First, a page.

A major issue with high-fat vs. high-carbohydrate diets is the unnecessary polarization and oversimplification of an complex issue. Periodisation of macronutrient intake may be a useful strategy for endurance athletes [14] and carbohydrate/food intake can be restricted at certain times of the day to manipulate metabolism and appetite [15 16]. Whilst the public may benefit from reducing their carbohydrate intake (particularly refined and processed carbohydrates and sugars), a focus on changing dietary patterns (such as the Mediterranean diet) can achieve this along with other effects that are likely beneficial including intakes of beneficial compounds consumed in the food matrix and context that is most suitable for health. Very low carbohydrate intakes are not likely beneficial for all aspects of health and many athletes would certainly benefit from a high-carbohydrate diet for prolonged periods of their season. Perhaps we should remember that the athlete and the general population are very different models with different goals and that we should consider carbohydrate and fat availability (ie. intake and expenditure) as an excess of either is detrimental. A further degree of complexity is apparent upon consideration of lifestyle of the individual. A high energy turnover offers some protection of metabolic health over low energy turnover even in the presence of similar degrees of energy surplus [17].


1. Brukner P. Challenging beliefs in sports nutrition: are two ‘core principles’ proving to be myths ripe for busting? British Journal of Sports Medicine, 2013;47(11):663-64.

2. Nordmann AJ, Nordmann A, Briel M, et al. Effects of low-carbohydrate vs low-fat diets on weight loss and cardiovascular risk factors: a meta- analysis of randomized controlled trials. Archives of internal medicine 2006;166(3):285-93 doi: 10.1001/archinte.166.3.285[published Online First: Epub Date]|.

3. Estruch R, Ros E, Salas-Salvado J, et al. Primary prevention of cardiovascular disease with a Mediterranean diet. N Engl J Med 2013;368(14):1279-90 doi: 10.1056/NEJMoa1200303[published Online First: Epub Date]|.

4. Martens EA, Lemmens SG, Westerterp-Plantenga MS. Protein leverage affects energy intake of high-protein diets in humans. Am J Clin Nutr 2013;97(1):86-93 doi: 10.3945/ajcn.112.046540[published Online First: Epub Date]|.

5. Weigle DS, Breen PA, Matthys CC, et al. A high-protein diet induces sustained reductions in appetite, ad libitum caloric intake, and body weight despite compensatory changes in diurnal plasma leptin and ghrelin concentrations. Am J Clin Nutr 2005;82(1):41-8.

6. Lissner L, Levitsky DA, Strupp BJ, et al. Dietary fat and the regulation of energy intake in human subjects. American Journal of Clinical Nutrition 1987;46(6):886-92.

7. Stubbs RJ, Harbron CG, Murgatroyd PR, et al. Covert manipulation of dietary fat and energy density: effect on substrate flux and food intake in men eating ad libitum. American Journal of Clinical Nutrition 1995;62(2):316-29.

8. Nilsson M, Stenberg M, Frid AH, et al. Glycemia and insulinemia in healthy subjects after lactose-equivalent meals of milk and other food proteins: the role of plasma amino acids and incretins. Am J Clin Nutr 2004;80(5):1246-53.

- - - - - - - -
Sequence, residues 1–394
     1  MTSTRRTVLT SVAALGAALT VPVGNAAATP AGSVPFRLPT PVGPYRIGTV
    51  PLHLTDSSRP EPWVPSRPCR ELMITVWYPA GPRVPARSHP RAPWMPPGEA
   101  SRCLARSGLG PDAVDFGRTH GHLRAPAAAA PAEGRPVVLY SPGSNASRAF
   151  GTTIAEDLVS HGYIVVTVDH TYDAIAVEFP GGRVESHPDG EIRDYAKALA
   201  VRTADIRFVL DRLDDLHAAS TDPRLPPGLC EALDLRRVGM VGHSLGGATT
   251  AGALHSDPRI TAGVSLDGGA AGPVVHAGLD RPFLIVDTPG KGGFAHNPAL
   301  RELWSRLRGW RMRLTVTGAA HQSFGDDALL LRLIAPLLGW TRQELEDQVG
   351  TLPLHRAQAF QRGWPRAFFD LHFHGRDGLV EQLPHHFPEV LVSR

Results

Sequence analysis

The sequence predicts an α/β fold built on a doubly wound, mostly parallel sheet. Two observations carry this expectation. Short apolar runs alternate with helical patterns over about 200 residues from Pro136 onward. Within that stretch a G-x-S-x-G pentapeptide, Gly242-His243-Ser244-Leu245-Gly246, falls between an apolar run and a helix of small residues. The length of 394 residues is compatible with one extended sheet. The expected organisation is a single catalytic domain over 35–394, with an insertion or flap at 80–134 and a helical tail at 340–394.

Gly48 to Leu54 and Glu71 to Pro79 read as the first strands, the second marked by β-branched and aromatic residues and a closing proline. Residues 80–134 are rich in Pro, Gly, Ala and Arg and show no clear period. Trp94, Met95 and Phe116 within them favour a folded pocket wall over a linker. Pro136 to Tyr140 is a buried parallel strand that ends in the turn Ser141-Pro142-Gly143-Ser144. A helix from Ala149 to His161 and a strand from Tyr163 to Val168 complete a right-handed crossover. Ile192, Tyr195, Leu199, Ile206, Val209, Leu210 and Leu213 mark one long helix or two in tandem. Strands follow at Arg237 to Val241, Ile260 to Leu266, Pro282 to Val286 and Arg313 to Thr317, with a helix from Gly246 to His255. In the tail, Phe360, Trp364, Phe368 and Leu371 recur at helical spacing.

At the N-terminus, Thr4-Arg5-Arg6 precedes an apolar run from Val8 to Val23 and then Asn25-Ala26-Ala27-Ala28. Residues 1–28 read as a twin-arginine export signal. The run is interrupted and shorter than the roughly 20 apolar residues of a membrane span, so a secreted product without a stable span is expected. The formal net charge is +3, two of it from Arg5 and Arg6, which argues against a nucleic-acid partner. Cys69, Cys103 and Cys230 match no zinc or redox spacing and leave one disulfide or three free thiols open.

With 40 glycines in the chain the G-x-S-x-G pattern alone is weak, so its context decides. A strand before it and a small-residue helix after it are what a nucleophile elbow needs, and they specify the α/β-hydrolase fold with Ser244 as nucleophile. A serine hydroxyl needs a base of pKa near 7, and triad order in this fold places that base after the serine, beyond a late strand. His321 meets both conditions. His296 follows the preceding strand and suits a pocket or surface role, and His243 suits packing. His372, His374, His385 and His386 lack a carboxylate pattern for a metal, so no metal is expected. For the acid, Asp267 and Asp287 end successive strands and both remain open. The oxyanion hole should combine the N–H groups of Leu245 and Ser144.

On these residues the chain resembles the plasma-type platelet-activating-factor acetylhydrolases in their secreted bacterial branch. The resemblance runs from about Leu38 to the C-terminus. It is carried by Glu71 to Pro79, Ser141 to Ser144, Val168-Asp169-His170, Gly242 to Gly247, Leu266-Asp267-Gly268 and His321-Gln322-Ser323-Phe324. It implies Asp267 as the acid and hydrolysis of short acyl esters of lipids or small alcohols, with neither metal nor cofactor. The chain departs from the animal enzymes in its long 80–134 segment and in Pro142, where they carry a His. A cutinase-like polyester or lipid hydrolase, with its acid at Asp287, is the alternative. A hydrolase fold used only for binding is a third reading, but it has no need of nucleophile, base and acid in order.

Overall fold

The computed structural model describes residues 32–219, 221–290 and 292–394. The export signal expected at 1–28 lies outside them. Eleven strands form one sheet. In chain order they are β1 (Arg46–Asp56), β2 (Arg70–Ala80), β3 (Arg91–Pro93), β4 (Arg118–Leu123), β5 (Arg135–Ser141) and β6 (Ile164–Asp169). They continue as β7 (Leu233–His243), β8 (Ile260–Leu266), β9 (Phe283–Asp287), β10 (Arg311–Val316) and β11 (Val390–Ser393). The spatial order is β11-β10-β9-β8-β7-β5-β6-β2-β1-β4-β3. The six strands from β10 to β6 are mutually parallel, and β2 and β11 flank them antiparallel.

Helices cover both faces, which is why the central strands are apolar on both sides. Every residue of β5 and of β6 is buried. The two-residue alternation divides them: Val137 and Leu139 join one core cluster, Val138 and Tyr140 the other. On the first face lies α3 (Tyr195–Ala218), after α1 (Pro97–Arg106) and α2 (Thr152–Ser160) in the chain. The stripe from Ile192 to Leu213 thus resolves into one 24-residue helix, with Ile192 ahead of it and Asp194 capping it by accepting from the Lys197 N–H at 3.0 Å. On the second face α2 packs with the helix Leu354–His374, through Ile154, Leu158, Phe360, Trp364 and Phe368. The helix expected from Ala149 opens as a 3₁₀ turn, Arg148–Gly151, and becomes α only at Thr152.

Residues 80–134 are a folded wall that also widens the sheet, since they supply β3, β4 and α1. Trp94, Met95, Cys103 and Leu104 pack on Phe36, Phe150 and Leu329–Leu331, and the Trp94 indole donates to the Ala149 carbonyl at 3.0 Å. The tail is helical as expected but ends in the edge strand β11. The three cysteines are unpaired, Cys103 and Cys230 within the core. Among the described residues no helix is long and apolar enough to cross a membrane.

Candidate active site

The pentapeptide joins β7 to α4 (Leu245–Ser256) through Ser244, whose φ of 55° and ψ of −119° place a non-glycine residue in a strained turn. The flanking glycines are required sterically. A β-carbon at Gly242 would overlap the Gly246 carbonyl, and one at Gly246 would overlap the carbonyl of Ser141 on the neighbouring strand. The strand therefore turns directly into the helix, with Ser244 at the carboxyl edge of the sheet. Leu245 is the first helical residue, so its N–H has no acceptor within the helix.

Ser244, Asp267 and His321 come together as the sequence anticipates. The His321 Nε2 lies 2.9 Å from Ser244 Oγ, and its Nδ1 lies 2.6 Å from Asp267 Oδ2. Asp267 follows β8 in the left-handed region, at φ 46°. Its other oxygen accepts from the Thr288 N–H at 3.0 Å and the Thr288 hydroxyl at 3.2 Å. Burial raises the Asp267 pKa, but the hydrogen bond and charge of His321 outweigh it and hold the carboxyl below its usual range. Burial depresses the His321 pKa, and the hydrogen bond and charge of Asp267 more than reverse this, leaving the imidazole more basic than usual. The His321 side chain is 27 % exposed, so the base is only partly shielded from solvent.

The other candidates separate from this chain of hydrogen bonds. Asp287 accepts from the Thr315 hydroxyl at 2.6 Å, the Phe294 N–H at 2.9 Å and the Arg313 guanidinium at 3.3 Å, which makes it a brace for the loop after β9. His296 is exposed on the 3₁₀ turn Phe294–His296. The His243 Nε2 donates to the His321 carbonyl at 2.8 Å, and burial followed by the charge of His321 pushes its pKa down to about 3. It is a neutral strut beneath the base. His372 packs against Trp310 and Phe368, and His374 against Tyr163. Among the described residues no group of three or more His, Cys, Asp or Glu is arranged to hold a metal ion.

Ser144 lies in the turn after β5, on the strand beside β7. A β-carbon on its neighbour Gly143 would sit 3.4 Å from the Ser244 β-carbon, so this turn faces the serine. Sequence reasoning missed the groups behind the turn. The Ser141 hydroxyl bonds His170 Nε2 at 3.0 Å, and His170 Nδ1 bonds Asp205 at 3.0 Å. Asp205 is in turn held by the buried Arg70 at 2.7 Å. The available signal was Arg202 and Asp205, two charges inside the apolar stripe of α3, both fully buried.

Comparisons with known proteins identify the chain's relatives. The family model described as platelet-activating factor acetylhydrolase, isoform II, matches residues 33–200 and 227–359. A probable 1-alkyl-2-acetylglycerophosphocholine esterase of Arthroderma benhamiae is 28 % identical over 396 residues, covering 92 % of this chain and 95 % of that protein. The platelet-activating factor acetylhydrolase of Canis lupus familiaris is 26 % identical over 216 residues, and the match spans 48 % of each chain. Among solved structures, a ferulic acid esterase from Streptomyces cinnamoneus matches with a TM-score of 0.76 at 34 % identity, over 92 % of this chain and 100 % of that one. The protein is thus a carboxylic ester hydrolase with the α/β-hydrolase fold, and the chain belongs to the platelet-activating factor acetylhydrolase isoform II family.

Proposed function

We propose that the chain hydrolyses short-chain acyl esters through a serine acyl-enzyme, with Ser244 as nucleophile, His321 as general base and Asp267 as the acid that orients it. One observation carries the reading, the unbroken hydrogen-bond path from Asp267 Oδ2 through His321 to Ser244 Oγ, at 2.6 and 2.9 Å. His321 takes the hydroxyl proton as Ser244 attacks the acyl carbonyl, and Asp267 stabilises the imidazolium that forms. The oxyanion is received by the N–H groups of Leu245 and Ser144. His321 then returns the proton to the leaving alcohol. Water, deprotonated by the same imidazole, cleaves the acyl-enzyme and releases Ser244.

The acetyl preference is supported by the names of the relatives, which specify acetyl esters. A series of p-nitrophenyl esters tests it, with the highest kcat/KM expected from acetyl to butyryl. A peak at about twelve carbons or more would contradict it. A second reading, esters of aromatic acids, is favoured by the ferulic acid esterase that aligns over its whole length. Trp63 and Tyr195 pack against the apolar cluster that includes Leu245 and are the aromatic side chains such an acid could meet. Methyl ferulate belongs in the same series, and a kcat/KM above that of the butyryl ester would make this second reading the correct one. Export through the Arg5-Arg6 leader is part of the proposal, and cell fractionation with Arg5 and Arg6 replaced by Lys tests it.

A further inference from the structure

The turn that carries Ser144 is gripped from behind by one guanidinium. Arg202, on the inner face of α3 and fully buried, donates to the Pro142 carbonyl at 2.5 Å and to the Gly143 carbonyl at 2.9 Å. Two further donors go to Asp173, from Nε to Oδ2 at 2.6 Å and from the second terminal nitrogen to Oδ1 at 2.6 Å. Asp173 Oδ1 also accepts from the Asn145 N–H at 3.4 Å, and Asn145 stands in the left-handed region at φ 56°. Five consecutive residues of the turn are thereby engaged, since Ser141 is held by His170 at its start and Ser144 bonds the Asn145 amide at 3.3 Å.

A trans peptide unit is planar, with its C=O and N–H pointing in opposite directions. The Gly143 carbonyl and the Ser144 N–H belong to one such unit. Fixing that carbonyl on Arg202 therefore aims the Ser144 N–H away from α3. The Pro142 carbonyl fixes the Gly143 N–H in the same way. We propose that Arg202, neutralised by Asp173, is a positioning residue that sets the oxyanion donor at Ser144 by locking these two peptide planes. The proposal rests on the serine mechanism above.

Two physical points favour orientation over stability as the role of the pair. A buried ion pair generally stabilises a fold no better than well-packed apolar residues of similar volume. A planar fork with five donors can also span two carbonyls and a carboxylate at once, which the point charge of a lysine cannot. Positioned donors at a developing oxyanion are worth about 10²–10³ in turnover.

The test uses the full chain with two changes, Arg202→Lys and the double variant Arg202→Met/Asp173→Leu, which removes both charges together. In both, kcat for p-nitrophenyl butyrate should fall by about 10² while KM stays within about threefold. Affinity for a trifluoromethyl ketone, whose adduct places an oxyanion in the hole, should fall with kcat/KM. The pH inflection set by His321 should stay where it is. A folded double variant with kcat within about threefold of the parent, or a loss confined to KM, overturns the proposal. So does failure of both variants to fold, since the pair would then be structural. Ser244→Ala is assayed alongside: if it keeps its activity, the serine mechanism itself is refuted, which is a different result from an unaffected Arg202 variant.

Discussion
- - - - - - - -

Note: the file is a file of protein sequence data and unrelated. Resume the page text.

9. Johnstone AM, Horgan GW, Murison SD, et al. Effects of a high-protein ketogenic diet on hunger, appetite, and weight loss in obese men feeding ad libitum. Am J Clin Nutr 2008;87(1):44-55.

10. David LA, Maurice CF, Carmody RN, et al. Diet rapidly and reproducibly alters the human gut microbiome. Nature 2013 doi: 10.1038/nature12820[published Online First: Epub Date]|.

11. Krogh A, Lindhard J. The Relative Value of Fat and Carbohydrate as Sources of Muscular Energy: With Appendices on the Correlation between Standard Metabolism and the Respiratory Quotient during Rest and Work. The Biochemical journal 1920;14(3-4):290-363

12. Stellingwerff T, Spriet LL, Watt MJ, et al. Decreased PDH activation and glycogenolysis during exercise following fat adaptation with carbohydrate restoration. Am J Physiol Endocrinol Metab 2006;290(2):E380-8 doi: 10.1152/ajpendo.00268.2005[published Online First: Epub Date]|.

13. Havemann L, West SJ, Goedecke JH, et al. Fat adaptation followed by carbohydrate loading compromises high-intensity sprint performance. J Appl Physiol (1985) 2006;100(1):194-202 doi: 10.1152/japplphysiol.00813.2005[published Online First: Epub Date]|.

14. Stellingwerff T. Case study: nutrition and training periodization in three elite marathon runners. Int J Sport Nutr Exerc Metab 2012;22(5):392- 400.

15. Yeo WK, Paton CD, Garnham AP, et al. Skeletal muscle adaptation and performance responses to once a day versus twice every second day endurance training regimens. J Appl Physiol (1985) 2008;105(5):1462-70 doi: 10.1152/japplphysiol.90882.2008[published Online First: Epub Date]|.

16. Gonzalez JT, Veasey RC, Rumbold PL, et al. Breakfast and exercise contingently affect postprandial metabolism and energy balance in physically active males. British Journal of Nutrition 2013;110(4):721-32 doi: 10.1017/S0007114512005582[published Online First: Epub Date]|.

17. Walhin JP, Richardson JD, Betts JA, et al. Exercise counteracts the effects of short-term overfeeding and reduced physical activity independent of energy imbalance in healthy young men. J Physiol 2013;591(Pt 24):6231-43 doi: 10.1113/jphysiol.2013.262709[published Online First: Epub Date]|.